In my recent are tile The Cost of Renting I talked about using your RRSPs to purchase a home. If you are looking to buy a home and you need a down payment you can loan yourself the money out of your RRSPs! Owning a home is one of the best investments a Canadian can make. Unlike stocks and bonds a person’s principal residence can grow in value and is exempt from capital gains tax.
Coming up with a down payment can be a real challenge but if someone has RRSP’s they can use the Federal Home Buyers Plan (HBP) to loan themselves a down payment. Currently almost half of all Canadian first time home buyers use the HBP. If someone has a down payment but doesn’t have any RRSP’s they could put the money into an RRSP (it must stay there for 90 days) and loan it back again. One might ask the question, “Why would you bother to do that?” Well, a tax deduction can be claimed, hopefully providing a tax refund from the government that can be used in the next tax year as part of a down payment!!!
Who qualifies for the HBP?
To qualify for the HBP a person has to have entered into a written agreement to buy or build a qualified home for themselves (or a related person with a disability) with the intention to occupy the home as their principal residence. Under The Income Tax Act the buyer must be considered a “First Time Home Buyer” (which means that neither the buyer nor a spouse/common law partner may have owned property in the last 5 years). Finally your HBP account must be at zero January 1 of the year that you intend to buy.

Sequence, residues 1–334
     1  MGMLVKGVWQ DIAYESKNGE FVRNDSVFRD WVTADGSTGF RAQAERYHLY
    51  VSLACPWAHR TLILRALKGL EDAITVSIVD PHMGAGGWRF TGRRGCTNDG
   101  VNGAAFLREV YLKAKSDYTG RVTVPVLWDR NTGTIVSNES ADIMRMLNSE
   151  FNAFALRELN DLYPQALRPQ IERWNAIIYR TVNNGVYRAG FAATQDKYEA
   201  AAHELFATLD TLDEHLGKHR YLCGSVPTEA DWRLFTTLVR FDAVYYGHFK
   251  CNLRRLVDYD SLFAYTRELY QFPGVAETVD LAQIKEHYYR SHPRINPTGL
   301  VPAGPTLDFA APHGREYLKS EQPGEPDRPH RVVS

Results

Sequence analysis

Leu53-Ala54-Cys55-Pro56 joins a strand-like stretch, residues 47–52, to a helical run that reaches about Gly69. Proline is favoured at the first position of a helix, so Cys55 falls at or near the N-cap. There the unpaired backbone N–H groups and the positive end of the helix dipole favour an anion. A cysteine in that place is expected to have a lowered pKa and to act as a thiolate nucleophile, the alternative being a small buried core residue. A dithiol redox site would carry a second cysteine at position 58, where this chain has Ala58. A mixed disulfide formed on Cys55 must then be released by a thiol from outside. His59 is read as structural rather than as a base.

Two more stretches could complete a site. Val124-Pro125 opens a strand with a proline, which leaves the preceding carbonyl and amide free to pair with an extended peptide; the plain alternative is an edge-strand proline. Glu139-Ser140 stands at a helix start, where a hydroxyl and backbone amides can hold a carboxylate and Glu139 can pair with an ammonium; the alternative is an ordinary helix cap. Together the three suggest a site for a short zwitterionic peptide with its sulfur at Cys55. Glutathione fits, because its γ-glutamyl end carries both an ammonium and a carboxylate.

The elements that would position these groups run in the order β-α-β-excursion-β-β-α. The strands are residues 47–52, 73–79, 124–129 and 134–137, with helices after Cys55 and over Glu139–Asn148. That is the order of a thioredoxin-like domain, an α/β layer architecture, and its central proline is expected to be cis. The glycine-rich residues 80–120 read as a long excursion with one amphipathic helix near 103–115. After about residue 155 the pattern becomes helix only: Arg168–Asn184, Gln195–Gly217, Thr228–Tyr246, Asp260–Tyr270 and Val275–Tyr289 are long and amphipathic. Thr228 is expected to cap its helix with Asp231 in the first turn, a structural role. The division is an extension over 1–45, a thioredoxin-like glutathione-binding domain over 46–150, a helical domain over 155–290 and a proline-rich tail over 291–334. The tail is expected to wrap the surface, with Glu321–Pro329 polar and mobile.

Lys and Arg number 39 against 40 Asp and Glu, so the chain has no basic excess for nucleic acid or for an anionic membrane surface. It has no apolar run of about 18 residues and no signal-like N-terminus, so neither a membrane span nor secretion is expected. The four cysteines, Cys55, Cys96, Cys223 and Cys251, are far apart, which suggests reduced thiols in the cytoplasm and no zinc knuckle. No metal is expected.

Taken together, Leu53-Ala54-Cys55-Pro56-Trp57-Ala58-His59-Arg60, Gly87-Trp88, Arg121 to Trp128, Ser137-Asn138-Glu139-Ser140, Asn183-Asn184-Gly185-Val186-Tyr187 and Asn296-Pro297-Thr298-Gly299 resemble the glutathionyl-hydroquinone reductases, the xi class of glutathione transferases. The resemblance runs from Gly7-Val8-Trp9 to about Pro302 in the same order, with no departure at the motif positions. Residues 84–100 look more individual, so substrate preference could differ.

Once you qualify for the HPB you have a few more rules to follow….
The buyer(s) may not own the home for 30 days before the withdrawal is made and they must be a Canadian resident. All withdrawals must happen in the same calendar year and the purchase transaction/building of the home must complete before October 1, of the following year. (So be very careful when buying presale property as there is a chance that you will not be able to qualify and complete on time!)
Money….in and out
The HBP allows an individual to withdraw $25,000 from their RRSPs. If a couple (spouse/common law partner) are purchasing together, they can put $50,000 towards their purchase. The repayment process starts the second year following your withdrawal. The total amount must be paid off in 15 years with a minimum payment of one fifteenth a year. If you lent yourself $20,000 that is $1,333.33 per person ($20,000/15 = 1,333.33). Repayments do not count as new RRSP contributions and will not create any more tax incentives as that gain was already received the first time the original contribution was made…. Over payments can be made and they will lower the average payments that will be required on a yearly basis until the loan is re-paid in full.
Things to know about purchasing a home in Vancouver
· A down payment on a property of at least 20% saves you money because you do not have to pay for CMHC mortgage insurance.
· If a loan payment is missed that amount will be charged against your taxes as income for the year and the contribution room in the RRSP will be lost.
· Even if bankruptcy is declared, yearly repayments to the RRSP are still required.
This article is for information purposes only. If you are considering using RRSPs to purchase a home talk to a qualified professional advisor.
For the full government release on this information also see Form T1036